Over the years North East as a whole and Assam in particular has seen a lot in terms of violence and bloodshed. From armed struggle to ethnic clashes Assam has reeled under unprecedented violence. Armed revolutionaries and Government have an equal share in making Assam prone to such bloodshed every now and then keeping the common masses at the receiving end. If the armed organizations have spilled blood in the name of revolution and sovereignty, the government has got its license to kill in the name of bringing peace. The lawmakers have become the lawbreakers and the so called “rescuers” have also turned a blind eye towards all the misdoings. From clashes in between the ethnic communities to vague killings in the name of revolution has long been a problem of Assam.
Simultaneously, the state has seen a mushrooming growth of civil organizations that have pledged to bring in peace in the state. The state has seen many civil organizations that have given loud slogans about peace and decried the violence. Such organizations have also tried its best in bringing both the armed organizations and the government to the negotiating table. But has it reaped the fruit that the entire state was expecting? Are the civil organizations serving its purpose? If yes, – then why the violence has not ended? If no, – then where are the loopholes? It’s high time the civil organizations should come together under one platform to resolve the issue. It’s time to sit and discuss together than working for the cause of society as satellites.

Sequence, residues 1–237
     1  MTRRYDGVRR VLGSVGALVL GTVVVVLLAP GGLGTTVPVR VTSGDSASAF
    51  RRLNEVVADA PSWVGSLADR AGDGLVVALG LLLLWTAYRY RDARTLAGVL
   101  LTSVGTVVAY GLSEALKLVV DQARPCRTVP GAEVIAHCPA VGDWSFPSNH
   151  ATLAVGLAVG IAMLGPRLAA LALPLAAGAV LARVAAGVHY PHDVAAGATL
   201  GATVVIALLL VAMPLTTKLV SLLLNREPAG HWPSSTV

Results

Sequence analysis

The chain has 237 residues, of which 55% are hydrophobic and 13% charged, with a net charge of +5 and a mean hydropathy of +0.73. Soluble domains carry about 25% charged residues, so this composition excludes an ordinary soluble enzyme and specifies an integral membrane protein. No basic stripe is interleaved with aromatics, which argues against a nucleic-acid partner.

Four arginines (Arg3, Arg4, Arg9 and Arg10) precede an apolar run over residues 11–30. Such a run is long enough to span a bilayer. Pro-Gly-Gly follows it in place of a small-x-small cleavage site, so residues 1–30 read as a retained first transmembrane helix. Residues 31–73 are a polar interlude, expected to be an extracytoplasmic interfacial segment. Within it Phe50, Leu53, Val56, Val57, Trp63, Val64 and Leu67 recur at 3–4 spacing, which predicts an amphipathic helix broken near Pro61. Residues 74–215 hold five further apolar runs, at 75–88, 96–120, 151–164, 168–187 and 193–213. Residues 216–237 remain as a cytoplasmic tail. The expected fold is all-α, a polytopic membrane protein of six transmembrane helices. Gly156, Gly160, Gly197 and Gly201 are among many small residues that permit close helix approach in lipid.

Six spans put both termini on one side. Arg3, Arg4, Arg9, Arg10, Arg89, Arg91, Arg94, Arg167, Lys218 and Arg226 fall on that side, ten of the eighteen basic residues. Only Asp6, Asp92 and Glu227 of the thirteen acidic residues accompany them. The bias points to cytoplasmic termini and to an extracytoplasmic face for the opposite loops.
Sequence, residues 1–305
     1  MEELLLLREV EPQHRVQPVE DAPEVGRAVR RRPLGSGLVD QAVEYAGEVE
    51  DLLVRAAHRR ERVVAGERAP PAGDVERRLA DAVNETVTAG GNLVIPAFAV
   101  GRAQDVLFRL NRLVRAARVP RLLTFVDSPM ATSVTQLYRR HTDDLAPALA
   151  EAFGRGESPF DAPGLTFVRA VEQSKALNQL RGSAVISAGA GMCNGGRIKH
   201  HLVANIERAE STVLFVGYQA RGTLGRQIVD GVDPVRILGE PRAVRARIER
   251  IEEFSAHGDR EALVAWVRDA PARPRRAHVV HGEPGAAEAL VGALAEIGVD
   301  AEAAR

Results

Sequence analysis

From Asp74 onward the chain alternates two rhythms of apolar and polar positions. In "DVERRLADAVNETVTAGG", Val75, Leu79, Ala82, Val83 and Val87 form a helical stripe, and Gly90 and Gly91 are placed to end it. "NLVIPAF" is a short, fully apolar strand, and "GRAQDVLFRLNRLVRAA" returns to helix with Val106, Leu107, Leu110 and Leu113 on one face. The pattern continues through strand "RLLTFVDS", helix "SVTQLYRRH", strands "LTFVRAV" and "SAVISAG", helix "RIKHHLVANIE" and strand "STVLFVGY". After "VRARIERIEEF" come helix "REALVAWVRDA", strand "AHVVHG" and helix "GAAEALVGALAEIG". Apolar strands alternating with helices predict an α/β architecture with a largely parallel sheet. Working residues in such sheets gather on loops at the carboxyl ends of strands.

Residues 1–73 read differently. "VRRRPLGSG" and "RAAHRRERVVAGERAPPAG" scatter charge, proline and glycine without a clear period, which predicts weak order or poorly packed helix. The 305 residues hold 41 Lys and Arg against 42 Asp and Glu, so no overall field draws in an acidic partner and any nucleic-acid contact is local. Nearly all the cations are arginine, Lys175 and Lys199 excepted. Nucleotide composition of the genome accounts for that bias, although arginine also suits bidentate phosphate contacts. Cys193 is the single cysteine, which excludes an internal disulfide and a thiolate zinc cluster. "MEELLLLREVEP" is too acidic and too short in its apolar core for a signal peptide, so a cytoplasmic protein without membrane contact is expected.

And Peoples’ Alliance for Peace Accordance (PAPA) has set the examples by bringing most of the civil, student, social organizations, political parties, intellectuals and individuals together under one platform for the cause of peace. So far PAPA is the only civil organization that has been largely successful in being the messiah of peace.
Center of Media and Research for Indigenous People (CMRIP) took up this endeavor of bringing the civil organizations together and have a brainstorming session over the theme of “ROLE OF CIVIL SOCIETY IN PEACE PROCESS” as the year 2010 has been very eventful in terms of peace process and 2011 also promises to continue with the ongoing trend.
Objectives of the Seminar
The overall objective of the seminar was to motivate the civil society to understand their potential role in conflict mediation and peace building in Assam. Specific objectives of the seminar were to:
• Discuss the role of civil society in peace process in Assam;
• Review the steps to be taken to help restore peace in the state; and
• Judge the role of civil society in peace process.